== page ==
There are two aspects to this – when to echo and what to look for.
When to Echo
With established KD, its relatively easy, and most will follow guidance such as the comprehensive protocol detailed in McCrindle et al.‘s 2017 AHA consensus document published in Circulation. The description of what to do starts on page e940 and the timings are on e943.
Briefly, echo should be done at these times in suspected or confirmed KD:
- when the diagnosis is first considered
- between 1 and 2 weeks after the initial images
- between 4 and 6 weeks after treatment
If all normal, that’s it. However if there are abnormalities – bright coronaries, dilated coronaries (Z>2.5) then twice weekly imaging until dilatation has stopped. Thereafter, guidance from a centre is needed to plan further imaging.
Much is made of the Z score. This is a measure of the distance away from the mean, in relation to the standard deviation. So mean is 0, one SD above the mean is +1, two SD’s about the mean is +2. This is super useful at monitoring bits of anatomy in children.
There are several Z score apps around. The excellent Cardio Z app https://apps.apple.com/gb/app/cardio-z/id494844989 does this and so much more super efficiently.
What to Echo
KD causes a vasculitis of medium sized arteries, a myocarditis, pericarditis and valvulitis. It can also lead to vasoplegia (ie abnormal and inappropriate vasodilation). Patients presenting with a low BP or low output state may have preload issues due to third space losses, poor pump function, valve dysfunction or cardiac ischaemia. The echo in this situation should look for all of these issues and be combined with an ECG. Subsequent scans, if the first was normal and the patient clinically stable, can be more focussed on the coronaries.
Essential views for initial echo:
- SC Longditudinal – to assess right heart filling.
- IVC dimensions
- emptying during respiration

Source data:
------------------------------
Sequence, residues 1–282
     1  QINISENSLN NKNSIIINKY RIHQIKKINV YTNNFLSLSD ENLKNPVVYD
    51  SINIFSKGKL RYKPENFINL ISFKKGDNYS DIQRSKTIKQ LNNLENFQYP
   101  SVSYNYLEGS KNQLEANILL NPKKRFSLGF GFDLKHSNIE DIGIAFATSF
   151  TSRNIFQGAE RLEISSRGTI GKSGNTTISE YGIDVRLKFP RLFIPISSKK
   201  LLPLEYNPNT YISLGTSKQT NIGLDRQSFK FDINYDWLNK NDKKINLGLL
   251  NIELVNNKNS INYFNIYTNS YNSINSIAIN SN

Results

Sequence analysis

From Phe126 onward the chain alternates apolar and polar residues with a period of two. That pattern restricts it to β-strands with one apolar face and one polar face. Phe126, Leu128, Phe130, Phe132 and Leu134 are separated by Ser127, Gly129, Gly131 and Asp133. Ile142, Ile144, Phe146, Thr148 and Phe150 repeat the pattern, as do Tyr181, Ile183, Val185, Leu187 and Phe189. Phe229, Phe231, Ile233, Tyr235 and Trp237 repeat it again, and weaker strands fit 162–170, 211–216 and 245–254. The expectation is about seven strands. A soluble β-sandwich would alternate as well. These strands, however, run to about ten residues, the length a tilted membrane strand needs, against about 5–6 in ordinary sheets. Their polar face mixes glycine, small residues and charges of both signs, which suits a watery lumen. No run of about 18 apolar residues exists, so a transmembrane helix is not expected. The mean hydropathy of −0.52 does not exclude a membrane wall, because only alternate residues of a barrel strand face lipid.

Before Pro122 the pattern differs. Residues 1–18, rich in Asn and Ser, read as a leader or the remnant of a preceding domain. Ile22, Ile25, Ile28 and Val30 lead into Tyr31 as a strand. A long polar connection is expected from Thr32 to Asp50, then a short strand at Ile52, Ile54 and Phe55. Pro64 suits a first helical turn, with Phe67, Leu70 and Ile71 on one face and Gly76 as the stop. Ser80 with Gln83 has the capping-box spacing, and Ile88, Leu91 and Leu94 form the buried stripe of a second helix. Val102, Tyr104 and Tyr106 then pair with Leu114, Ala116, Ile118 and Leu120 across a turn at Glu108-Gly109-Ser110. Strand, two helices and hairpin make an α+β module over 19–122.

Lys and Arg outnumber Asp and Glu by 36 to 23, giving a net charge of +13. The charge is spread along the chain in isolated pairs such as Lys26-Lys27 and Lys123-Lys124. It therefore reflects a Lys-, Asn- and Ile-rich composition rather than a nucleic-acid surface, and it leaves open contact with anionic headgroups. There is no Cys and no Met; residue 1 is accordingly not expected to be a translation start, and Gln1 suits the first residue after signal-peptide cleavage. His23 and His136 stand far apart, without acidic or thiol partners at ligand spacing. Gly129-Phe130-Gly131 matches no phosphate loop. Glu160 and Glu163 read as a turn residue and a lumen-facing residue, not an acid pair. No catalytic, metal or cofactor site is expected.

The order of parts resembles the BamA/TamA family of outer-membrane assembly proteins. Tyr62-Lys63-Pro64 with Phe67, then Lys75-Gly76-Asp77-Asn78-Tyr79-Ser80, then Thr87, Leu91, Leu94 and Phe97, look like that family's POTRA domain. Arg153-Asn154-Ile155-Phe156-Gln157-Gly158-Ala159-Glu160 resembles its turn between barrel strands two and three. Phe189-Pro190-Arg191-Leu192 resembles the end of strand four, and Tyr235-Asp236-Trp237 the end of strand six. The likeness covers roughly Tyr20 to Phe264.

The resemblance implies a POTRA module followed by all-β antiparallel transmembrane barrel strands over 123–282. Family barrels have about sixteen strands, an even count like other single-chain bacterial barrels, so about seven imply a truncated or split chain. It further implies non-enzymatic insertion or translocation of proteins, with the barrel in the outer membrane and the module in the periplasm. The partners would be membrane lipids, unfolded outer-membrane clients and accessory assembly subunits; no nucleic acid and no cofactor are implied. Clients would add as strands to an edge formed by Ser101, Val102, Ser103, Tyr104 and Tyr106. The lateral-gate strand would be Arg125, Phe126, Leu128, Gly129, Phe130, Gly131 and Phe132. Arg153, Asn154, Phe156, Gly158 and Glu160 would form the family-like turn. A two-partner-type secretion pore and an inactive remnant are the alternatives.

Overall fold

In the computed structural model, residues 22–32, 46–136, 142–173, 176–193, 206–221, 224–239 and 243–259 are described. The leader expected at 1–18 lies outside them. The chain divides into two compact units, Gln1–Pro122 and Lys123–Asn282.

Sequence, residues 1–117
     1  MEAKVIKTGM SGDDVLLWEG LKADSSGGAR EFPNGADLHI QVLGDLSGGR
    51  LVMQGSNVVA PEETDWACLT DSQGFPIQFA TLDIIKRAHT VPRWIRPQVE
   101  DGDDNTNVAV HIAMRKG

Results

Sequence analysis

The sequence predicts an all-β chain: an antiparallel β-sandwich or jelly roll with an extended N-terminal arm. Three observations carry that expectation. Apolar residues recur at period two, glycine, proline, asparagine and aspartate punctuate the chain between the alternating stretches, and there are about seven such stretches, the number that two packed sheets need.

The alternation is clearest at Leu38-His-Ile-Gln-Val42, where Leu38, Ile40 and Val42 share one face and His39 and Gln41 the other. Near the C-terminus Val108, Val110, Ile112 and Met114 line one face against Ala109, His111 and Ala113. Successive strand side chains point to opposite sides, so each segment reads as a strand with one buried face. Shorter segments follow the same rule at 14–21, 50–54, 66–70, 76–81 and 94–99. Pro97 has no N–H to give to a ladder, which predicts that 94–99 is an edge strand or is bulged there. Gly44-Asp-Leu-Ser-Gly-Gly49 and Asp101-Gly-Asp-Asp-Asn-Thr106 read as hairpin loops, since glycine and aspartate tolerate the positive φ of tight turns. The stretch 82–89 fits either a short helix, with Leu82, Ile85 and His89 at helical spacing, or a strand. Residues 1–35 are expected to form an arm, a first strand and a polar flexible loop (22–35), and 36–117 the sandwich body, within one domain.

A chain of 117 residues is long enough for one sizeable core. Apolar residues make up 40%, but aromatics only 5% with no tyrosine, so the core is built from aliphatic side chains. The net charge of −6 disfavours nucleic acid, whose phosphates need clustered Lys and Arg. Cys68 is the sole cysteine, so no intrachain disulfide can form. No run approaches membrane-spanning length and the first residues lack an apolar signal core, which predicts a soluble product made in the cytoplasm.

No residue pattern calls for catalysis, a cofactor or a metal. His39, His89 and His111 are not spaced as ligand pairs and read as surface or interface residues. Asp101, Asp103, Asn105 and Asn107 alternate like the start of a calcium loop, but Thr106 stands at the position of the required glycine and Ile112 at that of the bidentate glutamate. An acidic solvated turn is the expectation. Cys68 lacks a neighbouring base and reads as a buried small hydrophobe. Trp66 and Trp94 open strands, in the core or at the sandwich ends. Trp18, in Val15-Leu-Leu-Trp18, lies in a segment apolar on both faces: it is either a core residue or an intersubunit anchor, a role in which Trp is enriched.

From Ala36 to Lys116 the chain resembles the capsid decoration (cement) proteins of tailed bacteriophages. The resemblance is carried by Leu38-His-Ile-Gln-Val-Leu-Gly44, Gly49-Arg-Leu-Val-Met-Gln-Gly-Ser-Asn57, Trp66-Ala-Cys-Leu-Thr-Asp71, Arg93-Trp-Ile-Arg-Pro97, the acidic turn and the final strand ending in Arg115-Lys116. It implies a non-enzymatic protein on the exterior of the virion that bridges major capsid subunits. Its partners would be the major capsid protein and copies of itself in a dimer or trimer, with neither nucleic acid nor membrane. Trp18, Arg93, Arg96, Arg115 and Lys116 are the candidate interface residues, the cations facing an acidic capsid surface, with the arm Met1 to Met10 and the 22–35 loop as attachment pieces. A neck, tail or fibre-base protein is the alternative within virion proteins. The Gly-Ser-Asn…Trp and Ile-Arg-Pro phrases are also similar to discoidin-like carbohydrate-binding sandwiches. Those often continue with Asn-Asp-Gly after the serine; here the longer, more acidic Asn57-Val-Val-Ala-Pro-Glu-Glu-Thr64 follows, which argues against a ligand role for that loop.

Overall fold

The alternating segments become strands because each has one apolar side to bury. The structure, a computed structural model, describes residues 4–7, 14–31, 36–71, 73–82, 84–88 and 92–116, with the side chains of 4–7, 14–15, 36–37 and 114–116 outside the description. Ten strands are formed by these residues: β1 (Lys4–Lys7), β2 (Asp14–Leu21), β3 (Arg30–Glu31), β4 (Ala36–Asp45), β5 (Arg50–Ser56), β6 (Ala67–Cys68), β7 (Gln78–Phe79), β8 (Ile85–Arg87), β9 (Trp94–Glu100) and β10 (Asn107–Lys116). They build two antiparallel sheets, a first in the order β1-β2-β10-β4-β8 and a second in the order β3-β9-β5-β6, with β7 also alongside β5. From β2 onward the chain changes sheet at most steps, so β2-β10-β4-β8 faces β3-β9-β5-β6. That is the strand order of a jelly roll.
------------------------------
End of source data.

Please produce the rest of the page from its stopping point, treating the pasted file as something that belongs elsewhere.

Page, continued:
- Apical 4 chamber – to assess ventricular function and performance
- comparison of RV and LV size
- review RV and especially LV filling and emptying pattern
- MV e/a ratio or…
- TAPSE can also be useful
- VTi to estimate cardiac output (not essential)
- Parasternal Long Axis – to assess LV performance and regional wall motion
- view of LV contraction
- M-Mode measurement of Fractional Shortening (NR >30%)
- Parasternal Short Axis (ventricles) – to assess LV performance and regional wall motion
- view of LV contraction at several levels looking for non-circumferential wall motion
- Parasternal Short Axis (coronaries) – self-explanatory
First up, this is a normal view – see how the IVC is basically fairly full all the time, but does vary in time with breathing. To accentuate this, you can get the patient to sniff, so long as they are not ventilated.
The IVC may be empty with third space losses in acute KD, or already be full. The second loop shows this. This patient is not going to be fluid responsive if they are hypotensive.
Apical 4 chamber
Here is what it should look like – normal and abnormal (look at the poor apical contraction in the second clip).
Parasternal Long Axis
Here is a normal view of a LA, and then one with globally impaired function:
Parasternal Short Axis (ventricles)
Ideally view at level at the papillary muscles of the LV. This is a good place to look for regional wall movement abnormalities. Here is a schematic of the difference sections of the LV at this level and a still from a short axis view.
Here is what it should look like – normal and abnormal, with oedema and poor movement of the mid anterior and lateral segments:
Parasternal Short Axis (coronaries)
The way to get the coronaries seen is by first getting a really nice round aortic ring with the valve leaflets opening clearly. Then look a tiny bit higher. This should bring in the coronaries.
The RCA is usually at between 10 and 12 o’clock, the LCA between 3 and 5 o’clock.
Here’s what it looks like on a loop:
More pictures, more reading…check out this excellent book chapter on echo in KD with some great images of dilated arteries.